Andrachne

Scientific Name(s): Andrachne cordifolia (wall. ex Decne.) Müll. Arg. and related species A. aspera Spreng. and A. phyllanthoides (Nutt.) Muell. Arg. Family: Euphorbiaceae (spurges)

Uses

One species has been used to treat eye inflammation in Yemen. Others are used to control pests.

Dosing

There is no clinical evidence to support dosage of andrachne.

Contraindications

Contraindications have not yet been identified.

Pregnancy/Lactation

Information regarding safety and efficacy in pregnancy and lactation is lacking. Avoid use.

Interactions

None well documented.

Adverse Reactions

No data.

Toxicology

No data.

Botany

The genus Andrachne has about 20 tropical American species and a few species in North Africa, Europe, and elsewhere. 1 These generally are shrubs and undershrubs, possessing many ascending leafy branches growing in tropical and warm regions. The leaves are oval or obovate, while the flowers are monoecious, pedicellate, and usually solitary in the axils. The fruit is dry, splitting into three 2-valved carpels. A. phyllanthoides is found in the dry hills and rocky barrens from Montana to Texas in May through October. 2 A. aspera is widely distributed throughout the Middle East.

Chemistry

Two bisbenzylisoquinoline alkaloids, cocsuline and pendulin, have been isolated from the roots of A. cordifolia . 3 Previously, the two alkaloids were reported only from the Menispermaceae family.

Uses and Pharmacology

The plants in the genus are used infrequently as medicinal plants in some countries. A. aspera roots are used for treating eye inflammation in Yemen, where pieces of the crushed roots are placed on the eyelids. 4 Some species also have pest-control properties.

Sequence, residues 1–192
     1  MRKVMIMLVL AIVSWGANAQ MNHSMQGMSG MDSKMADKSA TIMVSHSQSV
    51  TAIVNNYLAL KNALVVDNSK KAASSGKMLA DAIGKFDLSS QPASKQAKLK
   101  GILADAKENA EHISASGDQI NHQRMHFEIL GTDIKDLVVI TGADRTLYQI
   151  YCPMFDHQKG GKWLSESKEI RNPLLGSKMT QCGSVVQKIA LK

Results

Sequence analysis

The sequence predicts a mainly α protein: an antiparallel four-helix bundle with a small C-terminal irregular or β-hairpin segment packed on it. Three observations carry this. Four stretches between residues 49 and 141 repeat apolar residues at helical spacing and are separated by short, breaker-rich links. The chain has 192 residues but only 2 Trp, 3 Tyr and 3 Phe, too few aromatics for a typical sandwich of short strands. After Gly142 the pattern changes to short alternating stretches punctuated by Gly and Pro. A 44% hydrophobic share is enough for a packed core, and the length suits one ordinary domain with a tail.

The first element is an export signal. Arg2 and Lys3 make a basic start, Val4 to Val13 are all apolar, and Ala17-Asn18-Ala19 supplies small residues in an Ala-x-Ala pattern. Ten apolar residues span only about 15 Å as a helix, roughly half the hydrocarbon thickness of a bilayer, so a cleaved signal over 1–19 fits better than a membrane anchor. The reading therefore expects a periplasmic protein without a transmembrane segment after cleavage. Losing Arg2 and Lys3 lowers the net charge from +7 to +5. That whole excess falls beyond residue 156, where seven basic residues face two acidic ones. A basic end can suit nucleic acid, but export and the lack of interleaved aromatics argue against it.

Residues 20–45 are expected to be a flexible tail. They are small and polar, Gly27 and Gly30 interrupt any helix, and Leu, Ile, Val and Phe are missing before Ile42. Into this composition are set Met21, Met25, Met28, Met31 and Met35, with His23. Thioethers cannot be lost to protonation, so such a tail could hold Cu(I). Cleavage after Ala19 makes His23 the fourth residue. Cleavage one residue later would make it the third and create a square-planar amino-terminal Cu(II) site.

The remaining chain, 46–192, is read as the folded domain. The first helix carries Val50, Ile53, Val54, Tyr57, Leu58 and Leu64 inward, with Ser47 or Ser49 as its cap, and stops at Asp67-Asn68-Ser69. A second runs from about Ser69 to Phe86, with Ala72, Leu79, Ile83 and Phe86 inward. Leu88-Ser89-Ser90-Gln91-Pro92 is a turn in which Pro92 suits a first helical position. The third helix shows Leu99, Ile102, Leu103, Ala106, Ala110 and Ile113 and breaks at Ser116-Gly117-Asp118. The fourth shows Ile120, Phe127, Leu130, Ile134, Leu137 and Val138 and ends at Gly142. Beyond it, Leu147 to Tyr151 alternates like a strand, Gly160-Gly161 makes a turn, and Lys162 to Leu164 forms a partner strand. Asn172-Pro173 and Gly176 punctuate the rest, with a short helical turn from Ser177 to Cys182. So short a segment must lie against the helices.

Animal data

Research reveals little or no animal data regarding andrachne for its listed uses.

Clinical data

Research reveals little or no clinical data regarding andrachne for its listed uses.

Dosage

There is no clinical evidence to support dosage of andrachne.

Pregnancy/Lactation

Information regarding safety and efficacy in pregnancy and lactation is lacking. Avoid use.

Interactions

None well documented.

Adverse Reactions

Research reveals little or no information regarding adverse reactions with the use of this product.

Toxicology

Research reveals little or no information regarding toxicology with the use of this product.

Bibliography

1. Mabberley DJ. The Plant-Book . New York, NY: Cambridge University Press; 1987.
2. Fernald ML. Gray's Manual of Botany . 8th ed. Portland, OR: Dioscorides Press; 1950.
3. Khan MI, et al. Bisbenzylisoquinoline alkaloids from Andrachne cordifolia. Planta Med . 1983;47:191.
4. Ghazanfur SA. Handbook of Arabian Medicinal Plants . Boca Raton, FL: CRC Press; 1994.

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